The four little shorebirds that could fly non-stop for 7600km

Leigh Dayton; 1/4/10

In one of the world’s greatest migratory feats, four little shorebirds flew non-stop from Victoria to Taiwan in just over six days, covering 7600km. En route, the ruddy turnstones, Arenaria interpres, cruised at an average speed of 50-55km/h. Those are two findings from the first monitored migration cycle of the stocky wader, which spends the Australian winter along the southeastern coast of Australia and in New Zealand. Birds then fly north for about six weeks of feeding and breeding in Siberia, via Taiwan, a one-way journey of 12,400km. After the breeding season, three of the four birds went home following the same Australasian “flyway”. But one went its own way, flying east to the Aleutian Islands, then south to the Gilberts and then home to Victoria via the northern NSW coast, a round trip of 27,000km.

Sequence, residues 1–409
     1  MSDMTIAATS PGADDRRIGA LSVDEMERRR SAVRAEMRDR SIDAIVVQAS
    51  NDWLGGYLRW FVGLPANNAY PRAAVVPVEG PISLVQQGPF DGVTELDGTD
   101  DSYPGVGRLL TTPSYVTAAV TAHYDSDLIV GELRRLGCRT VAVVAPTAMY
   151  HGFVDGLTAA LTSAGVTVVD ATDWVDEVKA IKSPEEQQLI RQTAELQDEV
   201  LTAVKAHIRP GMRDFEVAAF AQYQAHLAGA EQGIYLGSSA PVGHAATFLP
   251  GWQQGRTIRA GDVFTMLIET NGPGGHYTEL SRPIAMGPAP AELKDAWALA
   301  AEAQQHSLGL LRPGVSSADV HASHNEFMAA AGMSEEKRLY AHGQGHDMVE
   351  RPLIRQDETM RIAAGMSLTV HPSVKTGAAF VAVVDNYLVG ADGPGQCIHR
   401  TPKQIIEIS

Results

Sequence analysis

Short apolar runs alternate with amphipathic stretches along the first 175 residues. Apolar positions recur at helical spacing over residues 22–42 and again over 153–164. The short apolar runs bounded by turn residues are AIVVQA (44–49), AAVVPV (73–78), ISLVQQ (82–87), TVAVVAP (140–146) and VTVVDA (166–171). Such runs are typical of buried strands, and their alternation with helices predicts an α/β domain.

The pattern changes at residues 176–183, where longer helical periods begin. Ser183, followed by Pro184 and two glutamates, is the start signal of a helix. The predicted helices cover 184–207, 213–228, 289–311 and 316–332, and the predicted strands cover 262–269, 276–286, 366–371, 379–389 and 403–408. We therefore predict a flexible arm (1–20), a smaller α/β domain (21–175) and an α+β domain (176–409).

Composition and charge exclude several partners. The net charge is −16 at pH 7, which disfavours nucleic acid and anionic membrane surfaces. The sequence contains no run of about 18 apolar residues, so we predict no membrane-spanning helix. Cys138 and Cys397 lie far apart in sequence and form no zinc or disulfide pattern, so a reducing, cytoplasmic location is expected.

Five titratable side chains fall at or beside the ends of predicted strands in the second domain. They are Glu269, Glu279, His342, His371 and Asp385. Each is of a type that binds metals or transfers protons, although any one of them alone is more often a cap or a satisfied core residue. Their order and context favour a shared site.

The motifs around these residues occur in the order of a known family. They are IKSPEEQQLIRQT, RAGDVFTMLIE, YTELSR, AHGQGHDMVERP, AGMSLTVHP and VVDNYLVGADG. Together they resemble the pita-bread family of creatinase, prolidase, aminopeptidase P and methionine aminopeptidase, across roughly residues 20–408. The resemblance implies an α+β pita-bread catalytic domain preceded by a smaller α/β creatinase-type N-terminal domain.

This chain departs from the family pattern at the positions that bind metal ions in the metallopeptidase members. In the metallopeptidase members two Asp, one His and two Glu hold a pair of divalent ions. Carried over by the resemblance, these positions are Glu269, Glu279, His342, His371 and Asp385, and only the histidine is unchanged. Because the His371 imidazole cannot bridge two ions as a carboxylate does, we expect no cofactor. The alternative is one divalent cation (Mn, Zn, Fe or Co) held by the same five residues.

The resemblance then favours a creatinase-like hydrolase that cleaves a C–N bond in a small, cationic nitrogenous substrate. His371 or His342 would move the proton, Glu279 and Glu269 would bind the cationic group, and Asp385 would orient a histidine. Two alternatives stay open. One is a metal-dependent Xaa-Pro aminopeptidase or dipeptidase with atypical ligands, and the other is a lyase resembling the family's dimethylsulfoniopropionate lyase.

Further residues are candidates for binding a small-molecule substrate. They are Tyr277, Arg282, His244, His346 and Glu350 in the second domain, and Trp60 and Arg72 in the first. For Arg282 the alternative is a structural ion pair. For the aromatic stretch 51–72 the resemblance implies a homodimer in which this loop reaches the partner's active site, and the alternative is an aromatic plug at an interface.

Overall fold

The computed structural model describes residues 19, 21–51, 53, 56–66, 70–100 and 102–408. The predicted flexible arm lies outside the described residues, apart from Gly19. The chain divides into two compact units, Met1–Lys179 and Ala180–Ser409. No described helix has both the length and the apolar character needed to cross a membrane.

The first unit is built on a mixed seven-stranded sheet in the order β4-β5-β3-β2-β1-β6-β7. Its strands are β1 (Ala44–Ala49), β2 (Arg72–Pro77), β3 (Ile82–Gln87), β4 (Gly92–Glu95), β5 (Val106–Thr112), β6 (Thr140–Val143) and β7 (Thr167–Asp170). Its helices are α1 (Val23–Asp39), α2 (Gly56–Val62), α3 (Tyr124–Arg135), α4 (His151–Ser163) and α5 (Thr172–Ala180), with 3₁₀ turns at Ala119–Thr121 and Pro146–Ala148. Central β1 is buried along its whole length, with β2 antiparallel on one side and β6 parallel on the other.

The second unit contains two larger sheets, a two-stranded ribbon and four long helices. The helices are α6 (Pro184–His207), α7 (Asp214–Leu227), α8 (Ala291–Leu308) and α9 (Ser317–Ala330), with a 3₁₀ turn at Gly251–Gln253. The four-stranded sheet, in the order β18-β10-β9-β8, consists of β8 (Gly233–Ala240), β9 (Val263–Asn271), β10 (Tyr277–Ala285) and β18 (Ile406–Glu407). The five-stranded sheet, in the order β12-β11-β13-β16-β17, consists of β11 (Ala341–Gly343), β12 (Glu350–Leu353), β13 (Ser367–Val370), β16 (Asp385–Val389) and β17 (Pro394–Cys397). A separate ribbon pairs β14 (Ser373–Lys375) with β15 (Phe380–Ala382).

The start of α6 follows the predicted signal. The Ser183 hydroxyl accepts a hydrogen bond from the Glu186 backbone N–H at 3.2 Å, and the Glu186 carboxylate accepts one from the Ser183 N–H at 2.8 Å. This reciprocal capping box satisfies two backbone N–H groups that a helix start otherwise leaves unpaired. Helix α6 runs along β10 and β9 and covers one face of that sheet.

See: http://www.theaustralian.com.au/news/health-science/the-four-little-shorebirds-that-could-fly-non-stop-for-7600km/story-e6frg8y6-1225848244840